Elon Musk has warned that artificial intelligence (AI) poses a significantly greater threat to humanity than North Korea.
Serial entrepreneur Musk, whose OpenAI collective is working towards a more cohesive (and supposedly safer) approach to autonomous machines, said that AI poses "vastly more risk" than any nuclear bomb that the rogue state claims to have.
OpenAI aims to develop AI "in the way that is most likely to benefit humanity as a whole, unconstrained by a need to generate financial return".
If you're not concerned about AI safety, you should be. Vastly more risk than North Korea. pic.twitter.com/2z0tiid0lc— Elon Musk (@elonmusk) August 12, 2017
Nobody likes being regulated, but everything (cars, planes, food, drugs, etc) that's a danger to the public is regulated. AI should be too.— Elon Musk (@elonmusk) August 12, 2017
Musk has been a long time doomsayer on AI, but rather than sit around moaning about it, has been creating a working group of companies with standards specifically aimed at keeping it under control, ethical and generally a good thing.
The news comes as his own AI engine successfully beat professional players of online video online mass multiplayer action strategy combat dungeons role-play ninja knight warrior ballet game Dota 2.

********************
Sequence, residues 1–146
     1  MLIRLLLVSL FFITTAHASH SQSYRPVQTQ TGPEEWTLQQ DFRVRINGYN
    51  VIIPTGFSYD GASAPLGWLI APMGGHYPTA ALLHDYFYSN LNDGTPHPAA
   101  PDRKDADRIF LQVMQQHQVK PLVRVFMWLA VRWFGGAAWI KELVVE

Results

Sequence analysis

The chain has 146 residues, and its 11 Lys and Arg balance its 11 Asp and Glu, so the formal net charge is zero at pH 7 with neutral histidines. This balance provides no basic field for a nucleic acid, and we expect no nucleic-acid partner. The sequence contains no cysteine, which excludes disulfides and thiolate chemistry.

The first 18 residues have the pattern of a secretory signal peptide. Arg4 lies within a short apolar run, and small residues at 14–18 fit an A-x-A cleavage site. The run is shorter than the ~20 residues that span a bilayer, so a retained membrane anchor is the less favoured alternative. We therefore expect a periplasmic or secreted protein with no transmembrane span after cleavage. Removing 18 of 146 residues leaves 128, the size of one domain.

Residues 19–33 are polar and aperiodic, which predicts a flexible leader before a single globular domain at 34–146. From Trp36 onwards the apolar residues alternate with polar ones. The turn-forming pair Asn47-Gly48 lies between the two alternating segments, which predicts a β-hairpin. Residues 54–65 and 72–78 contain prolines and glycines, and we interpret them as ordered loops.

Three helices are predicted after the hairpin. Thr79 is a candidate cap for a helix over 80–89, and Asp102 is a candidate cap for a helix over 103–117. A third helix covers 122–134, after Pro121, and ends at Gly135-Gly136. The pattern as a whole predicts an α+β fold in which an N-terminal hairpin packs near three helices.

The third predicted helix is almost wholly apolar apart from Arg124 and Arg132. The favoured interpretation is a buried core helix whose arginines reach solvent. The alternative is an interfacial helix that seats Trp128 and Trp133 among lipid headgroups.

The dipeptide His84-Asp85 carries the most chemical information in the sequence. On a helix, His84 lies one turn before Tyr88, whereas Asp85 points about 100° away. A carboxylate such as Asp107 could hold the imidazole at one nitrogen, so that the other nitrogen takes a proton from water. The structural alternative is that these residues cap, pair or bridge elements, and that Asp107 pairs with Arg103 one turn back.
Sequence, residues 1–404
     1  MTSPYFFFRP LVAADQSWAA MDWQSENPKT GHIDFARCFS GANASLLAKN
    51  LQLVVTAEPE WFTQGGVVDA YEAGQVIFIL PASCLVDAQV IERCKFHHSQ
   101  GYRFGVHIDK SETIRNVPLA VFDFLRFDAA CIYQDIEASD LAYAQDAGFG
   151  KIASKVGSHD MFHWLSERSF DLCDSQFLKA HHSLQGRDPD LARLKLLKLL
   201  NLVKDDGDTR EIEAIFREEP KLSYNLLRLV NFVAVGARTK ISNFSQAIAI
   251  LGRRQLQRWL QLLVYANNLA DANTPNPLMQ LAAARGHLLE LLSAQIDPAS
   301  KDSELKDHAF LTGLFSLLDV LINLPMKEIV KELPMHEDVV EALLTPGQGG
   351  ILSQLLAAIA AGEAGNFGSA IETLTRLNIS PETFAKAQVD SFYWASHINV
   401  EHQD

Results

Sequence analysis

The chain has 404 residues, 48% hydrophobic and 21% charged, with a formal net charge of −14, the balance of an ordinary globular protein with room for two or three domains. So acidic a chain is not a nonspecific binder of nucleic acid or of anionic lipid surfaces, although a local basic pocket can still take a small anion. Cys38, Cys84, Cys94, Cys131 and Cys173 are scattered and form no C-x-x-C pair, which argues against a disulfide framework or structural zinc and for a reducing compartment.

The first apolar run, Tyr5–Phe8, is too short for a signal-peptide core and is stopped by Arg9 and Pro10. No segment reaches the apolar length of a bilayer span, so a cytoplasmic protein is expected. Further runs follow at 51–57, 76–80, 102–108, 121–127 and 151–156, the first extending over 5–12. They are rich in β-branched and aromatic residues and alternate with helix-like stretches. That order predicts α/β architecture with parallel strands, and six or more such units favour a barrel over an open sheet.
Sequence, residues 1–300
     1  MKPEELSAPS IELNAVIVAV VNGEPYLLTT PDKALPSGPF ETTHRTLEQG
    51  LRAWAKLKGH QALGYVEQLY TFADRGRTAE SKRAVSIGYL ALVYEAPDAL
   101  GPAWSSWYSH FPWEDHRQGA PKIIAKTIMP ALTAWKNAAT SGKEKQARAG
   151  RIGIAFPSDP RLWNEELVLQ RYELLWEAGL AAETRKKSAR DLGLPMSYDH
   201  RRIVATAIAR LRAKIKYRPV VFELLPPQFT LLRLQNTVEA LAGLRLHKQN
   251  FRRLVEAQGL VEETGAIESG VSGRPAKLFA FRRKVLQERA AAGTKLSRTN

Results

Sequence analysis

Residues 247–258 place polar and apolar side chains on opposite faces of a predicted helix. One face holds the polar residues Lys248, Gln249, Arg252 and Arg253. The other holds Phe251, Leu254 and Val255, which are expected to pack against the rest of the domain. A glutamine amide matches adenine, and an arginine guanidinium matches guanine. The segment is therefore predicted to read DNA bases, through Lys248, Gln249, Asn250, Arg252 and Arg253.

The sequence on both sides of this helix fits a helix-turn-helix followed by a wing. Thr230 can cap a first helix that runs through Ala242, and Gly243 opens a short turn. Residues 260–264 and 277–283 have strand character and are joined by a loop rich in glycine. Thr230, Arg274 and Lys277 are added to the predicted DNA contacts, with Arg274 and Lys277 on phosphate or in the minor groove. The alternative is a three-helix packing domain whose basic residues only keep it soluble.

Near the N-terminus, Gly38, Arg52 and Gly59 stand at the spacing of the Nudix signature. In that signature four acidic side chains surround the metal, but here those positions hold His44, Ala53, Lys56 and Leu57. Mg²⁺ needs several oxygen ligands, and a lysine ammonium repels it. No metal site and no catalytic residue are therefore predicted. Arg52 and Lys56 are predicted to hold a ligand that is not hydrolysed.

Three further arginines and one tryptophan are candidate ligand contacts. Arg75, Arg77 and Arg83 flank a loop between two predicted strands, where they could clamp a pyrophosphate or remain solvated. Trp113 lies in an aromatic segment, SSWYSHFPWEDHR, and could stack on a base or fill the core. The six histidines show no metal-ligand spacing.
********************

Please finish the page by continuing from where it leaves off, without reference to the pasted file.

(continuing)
The Musk Machine of Might won all its one-on-one battles taking huge potential chunks of the £19m prize fund. Because people get paid for this stuff, for realsies.
Musk warned that regulation would be vital to stop a potential Skynet situation, and that even though it sucked, the public danger made it a necessity.
Mark Zuckerberg of Facebook, which has its own AI thing going on, has previously dismissed Musk's concerns over AI as "irresponsible", but Musk countered on Twitter saying that Zuck's understanding of the concept was "limited".
The Guardian reports that the AI that easily won a Dota 2 bout against one its best human players could "predict where human players would deploy forces and improvise on the spot".
Google Deepmind, which has already won at the fiendish board game Go, has its eyes set on its own attack on strategy games, with Starcraft II set in its sights.
How long before AI is deployed to predict what might happen in real battles?
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